Special Report From the Future: Lahti 2072


Special Report From The Future: As The FIS Nordic World Championships of 2072 finished up yesterday, the 2017 world championships seemed very far away, the way the Earth now looks to Elon Musk’s Martian colony. But it’s important to look back on the last time the championships were held in Finland to truly see how far our sport has come.

55 years ago, when the world championships were still a small time event, viewed on the NBC Sports Extra app, things were very different. The biggest difference of course was that back then people still skied on snow, and the competition was awarded to Lahti because of its great stadium and the adequate snow coverage – my oh my, how things have changed.

As we all know global temperatures rose so rapidly that FIS quickly abandoned the outdated snow skiing for the beautiful beach skiing of today[1]. There was hesitation at first, and traditionalists cried out against the move to modernity, but after a few years the transition was complete, and FIS never looked back.

Despite President-for-life Trump’s claims that America has the best beaches in the world, Lahti was awarded this year’s championships because of its prime waterfront real estate. The rising sea levels have put much of Finland underwater, but turned Lahti into a sandy skiing paradise, perfectly situated for the 2.5k loop the championships are held on.

In 2017 then men still skied a 50k event while the women skied only 30k, but after Eldar Rønning led a revolt as FIS athlete representative in 2032 – citing the science that had been there for 50 years – women began their longer program of the 50, 75, and 200K races. Three years later men cited sore backs, as well as tired butts when they moved to their current format of the 1, 3, and 7.5k races. In an attempt to promote gender equality, the sprint event for both men and women was then shortened to 100m.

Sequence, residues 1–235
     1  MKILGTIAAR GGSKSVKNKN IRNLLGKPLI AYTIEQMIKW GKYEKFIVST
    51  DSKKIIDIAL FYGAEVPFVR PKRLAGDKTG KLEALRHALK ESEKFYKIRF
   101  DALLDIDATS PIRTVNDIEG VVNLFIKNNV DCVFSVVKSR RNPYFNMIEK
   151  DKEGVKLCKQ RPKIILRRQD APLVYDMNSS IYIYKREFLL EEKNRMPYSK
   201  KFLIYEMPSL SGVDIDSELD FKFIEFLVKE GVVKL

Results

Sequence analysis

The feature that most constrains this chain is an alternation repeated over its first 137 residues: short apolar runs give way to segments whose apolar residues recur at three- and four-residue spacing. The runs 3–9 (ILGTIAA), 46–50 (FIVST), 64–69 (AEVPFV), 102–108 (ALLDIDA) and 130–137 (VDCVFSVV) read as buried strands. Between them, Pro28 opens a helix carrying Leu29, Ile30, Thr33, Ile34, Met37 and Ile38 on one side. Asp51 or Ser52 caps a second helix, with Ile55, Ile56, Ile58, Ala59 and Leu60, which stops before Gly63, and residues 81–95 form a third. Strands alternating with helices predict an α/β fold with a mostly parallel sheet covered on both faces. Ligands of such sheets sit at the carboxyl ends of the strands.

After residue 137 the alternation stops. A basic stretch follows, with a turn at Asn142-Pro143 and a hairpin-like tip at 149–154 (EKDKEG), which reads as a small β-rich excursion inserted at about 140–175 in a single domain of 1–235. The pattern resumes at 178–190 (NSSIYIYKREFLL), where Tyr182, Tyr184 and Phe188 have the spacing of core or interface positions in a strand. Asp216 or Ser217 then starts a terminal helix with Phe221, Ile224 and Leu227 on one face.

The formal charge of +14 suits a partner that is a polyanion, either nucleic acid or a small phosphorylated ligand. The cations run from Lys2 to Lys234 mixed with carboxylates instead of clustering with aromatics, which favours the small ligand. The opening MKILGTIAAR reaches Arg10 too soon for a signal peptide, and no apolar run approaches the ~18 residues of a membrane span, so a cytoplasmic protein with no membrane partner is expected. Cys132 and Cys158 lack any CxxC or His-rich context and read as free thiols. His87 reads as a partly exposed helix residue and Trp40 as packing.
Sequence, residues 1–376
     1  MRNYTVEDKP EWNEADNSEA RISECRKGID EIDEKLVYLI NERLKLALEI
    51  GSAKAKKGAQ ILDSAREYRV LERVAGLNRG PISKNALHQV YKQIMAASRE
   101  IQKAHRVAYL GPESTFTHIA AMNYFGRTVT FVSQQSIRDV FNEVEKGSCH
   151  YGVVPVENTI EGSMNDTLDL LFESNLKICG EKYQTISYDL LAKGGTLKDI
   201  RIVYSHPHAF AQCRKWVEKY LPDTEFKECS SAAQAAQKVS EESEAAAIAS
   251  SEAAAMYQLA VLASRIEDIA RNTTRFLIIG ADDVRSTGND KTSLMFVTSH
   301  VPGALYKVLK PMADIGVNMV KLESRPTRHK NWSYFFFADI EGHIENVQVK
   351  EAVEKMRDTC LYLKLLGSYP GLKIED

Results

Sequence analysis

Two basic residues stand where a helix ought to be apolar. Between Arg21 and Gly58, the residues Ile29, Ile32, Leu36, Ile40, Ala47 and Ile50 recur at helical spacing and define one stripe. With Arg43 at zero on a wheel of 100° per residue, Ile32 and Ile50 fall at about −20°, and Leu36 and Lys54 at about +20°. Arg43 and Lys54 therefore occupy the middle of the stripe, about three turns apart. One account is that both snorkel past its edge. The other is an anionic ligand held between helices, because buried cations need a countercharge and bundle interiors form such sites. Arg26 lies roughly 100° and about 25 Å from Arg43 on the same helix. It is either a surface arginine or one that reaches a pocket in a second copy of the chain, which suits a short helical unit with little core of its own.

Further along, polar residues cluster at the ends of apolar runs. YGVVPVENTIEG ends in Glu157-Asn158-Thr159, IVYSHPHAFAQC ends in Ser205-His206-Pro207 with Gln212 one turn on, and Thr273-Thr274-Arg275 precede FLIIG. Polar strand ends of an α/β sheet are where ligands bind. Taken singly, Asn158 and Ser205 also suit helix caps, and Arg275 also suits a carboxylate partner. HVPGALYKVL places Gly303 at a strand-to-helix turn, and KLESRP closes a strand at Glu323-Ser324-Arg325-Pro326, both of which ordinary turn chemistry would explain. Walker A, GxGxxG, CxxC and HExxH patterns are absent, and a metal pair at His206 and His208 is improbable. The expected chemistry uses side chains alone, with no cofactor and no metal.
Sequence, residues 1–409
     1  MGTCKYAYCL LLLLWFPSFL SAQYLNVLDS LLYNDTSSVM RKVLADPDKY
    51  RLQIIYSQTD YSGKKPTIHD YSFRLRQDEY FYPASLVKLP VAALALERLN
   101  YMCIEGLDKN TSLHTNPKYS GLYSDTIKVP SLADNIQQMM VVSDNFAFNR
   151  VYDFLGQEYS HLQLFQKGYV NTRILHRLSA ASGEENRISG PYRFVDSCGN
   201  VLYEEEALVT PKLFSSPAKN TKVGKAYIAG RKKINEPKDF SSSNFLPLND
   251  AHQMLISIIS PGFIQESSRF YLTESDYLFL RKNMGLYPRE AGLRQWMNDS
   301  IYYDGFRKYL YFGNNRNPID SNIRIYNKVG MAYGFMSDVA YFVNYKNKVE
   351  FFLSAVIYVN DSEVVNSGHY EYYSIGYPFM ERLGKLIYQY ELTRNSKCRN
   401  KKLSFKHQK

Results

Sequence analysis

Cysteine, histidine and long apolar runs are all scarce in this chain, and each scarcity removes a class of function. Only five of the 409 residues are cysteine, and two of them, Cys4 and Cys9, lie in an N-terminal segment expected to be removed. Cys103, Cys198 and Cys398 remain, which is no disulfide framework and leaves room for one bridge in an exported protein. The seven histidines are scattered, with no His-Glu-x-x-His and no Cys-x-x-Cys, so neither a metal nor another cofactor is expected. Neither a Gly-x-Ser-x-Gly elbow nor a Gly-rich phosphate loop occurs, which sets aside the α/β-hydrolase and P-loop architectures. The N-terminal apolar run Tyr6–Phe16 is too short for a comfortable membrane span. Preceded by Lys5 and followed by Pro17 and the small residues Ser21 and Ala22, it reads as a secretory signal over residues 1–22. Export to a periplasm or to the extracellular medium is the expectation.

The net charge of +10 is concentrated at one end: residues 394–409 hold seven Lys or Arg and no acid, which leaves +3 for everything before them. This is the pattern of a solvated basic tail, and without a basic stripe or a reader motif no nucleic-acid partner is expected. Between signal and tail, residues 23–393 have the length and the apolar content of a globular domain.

And my goodness, what a 3k it was, the race was blown apart by the young Emil Gundersson who ended up winning by 1.8 seconds, the largest margin of victory ever recorded at a modern world championships. In 2017 it was Petter Northug that won the most gold medals, so it is only fitting that this year it was a skier from his home town of Framverran, that brought home 3 golds for the highest tally in these world championships. Gundersson was on the new model of Fischer BEACH-MAX skis which were worn by all medal winners this year. Oddly enough back in 2017 there were still multiple ski companies, but as FIS transitioned to beach skiing, Fischer turned to its cast-off water ski model for inspiration. After pairing their new product with Zach Caldwell’s revolutionary “Aruba” grind, they dominated the market so thoroughly that none of the other companies were able to recover.

The top female skier at the championships was undoubtedly McLovin’ Harvey, the great-granddaughter of Alex Harvey, a former skier, and the recently deceased Prince of Quebec[2]. She cited her pharmaceutical tech as her greatest help in winning these championships, claiming “The stuff he gave me was incredible!”

In the 200k marathon Harvey took feeds from a special inhaler, what we call a “Powder Puffer”, that has for years allowed all skiers to compete at the highest levels of skiing, all the while engendering the usual complaints about competitive advantage.

As hard as it is to believe, pharmaceuticals were not much of a factor in the 2017 world championships, and skiers were still more focused on waxing than anything else. But after the litigation that began with the Sochi bust of 2016, FIS and shifted towards a carefully controlled doping program (based upon their rules governing mandatory pole length) that allowed athletes to fill their bodies with chemicals at a more reasonable rate, leading to the eventual replacement of wax techs with what are now called “Pharmas.”

Yes, the world is very different now, but not everything has changed. The championships this year were viewed by people around the world through their Netflix holo-accounts, who were no doubt delighted to hear Mike Dixon and Dave Goldstrom still announcing the races. Viessmann still sponsors the event, victors still receive unhelpfully large wheels of cheese, and the grooming was done yet again by an inexplicably youthful Thomas Wassberg, who has groomed every for world championships since 2033 for no other reason than: We like it like that. For all the benefits of our latest equipment and drugs, we still love our corduroy.

It would be ridiculous to imagine what the world championships might look like the next time they return to Finland; who could possibly forecast that far down the road? To be certain though, it is always in our nature to wonder. In some ways, the future is a kind of eternal utopia, full of visions we will never truly see realized.

In Lahti yesterday, when Norway brought home the 4x50k relay the women threw up their hands in victory, reaching forward, to tomorrow.

[1] Beach skiing was popularized by none other than Bill Koch, who still hasn’t lived his entire life in Vermont

[2] Harvey was killed in a motel shootout after a disagreement during an illegal game of Settlers of Catan

One response to “Special Report From the Future: Lahti 2072

  1. Pingback: Special Report from Lahti 2072 | smst2·

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